Though we all know that our senses don’t see the world as it is — what we perceive as an image is a bunch of photons bouncing off of an object, what we perceive as sound is a series of pressure waves hitting our eardrums — we live mostly separated from this fact. We can’t actually perceive the differences between the real world and our perception of it, so it’s an easy thing to ignore. That’s why things like optical illusions are so cool: they find a way to get past our perceptive defenses and show us how our brains are really processing the stimuli around us.
It’s also why jazz pianist Dan Tepfer’s recent post about rhythm-pitch duality rocked my world.
When playing with a computer-music programming environment called SuperCollider, he realized that he could speed rhythms up until they became pitches, much like a helicopter’s rotor gearing up for takeoff. The cool thing about this was not the fact that rhythm could become pitch, but what happened when he combined two rhythms together and sped them up.
Let’s back up and introduce you to the harmonic series. Long ago, a mathematician (most say it was Pythagoras) discovered that if you divide a vibrating string (say, a guitar string) in two, the frequency of the resulting tone will be twice that of the original tone when the string was undivided — this is called the fundamental. (A third of the string vibrates three times as fast, a fourth four, etc.) A tone at twice the frequency of its fundamental is an octave above that fundamental — low C to high C, for instance. Dan’s demonstration image explains this nicely: the bottom wave is the fundamental, the top wave is twice the frequency.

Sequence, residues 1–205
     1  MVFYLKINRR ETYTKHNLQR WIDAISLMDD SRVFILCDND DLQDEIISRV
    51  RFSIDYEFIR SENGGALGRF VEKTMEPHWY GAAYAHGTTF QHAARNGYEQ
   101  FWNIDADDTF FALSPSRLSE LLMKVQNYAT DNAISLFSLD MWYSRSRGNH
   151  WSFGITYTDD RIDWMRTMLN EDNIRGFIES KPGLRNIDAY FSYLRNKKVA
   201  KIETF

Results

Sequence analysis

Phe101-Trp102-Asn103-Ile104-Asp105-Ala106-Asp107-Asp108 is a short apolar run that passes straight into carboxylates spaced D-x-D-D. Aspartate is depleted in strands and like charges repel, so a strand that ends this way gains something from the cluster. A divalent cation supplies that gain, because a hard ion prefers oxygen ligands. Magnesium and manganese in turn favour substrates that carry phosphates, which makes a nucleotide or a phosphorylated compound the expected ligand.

If you were to turn the crests of the waves into rhythms, you’d get a single beat for the bottom and a beat at double the speed on the top. Like so:
When Dan entered this rhythm into his program and sped it up, it sounded like this. Listen to that clip, and you’ll hear a perfect octave. That’s because he’s created the same frequency relationship that occurs in an octave, and sped it up until our brains no longer perceive them as singular events, instead hearing them as a single tone. It lets us hear exactly what’s happening when pressure waves reach our eardrums.
But this is just the tip of the iceberg. He does this with perfect fifths, minor thirds, even whole triads — that is, not just two notes, but three. Check it out.
Featured image by flickr user xdestineex.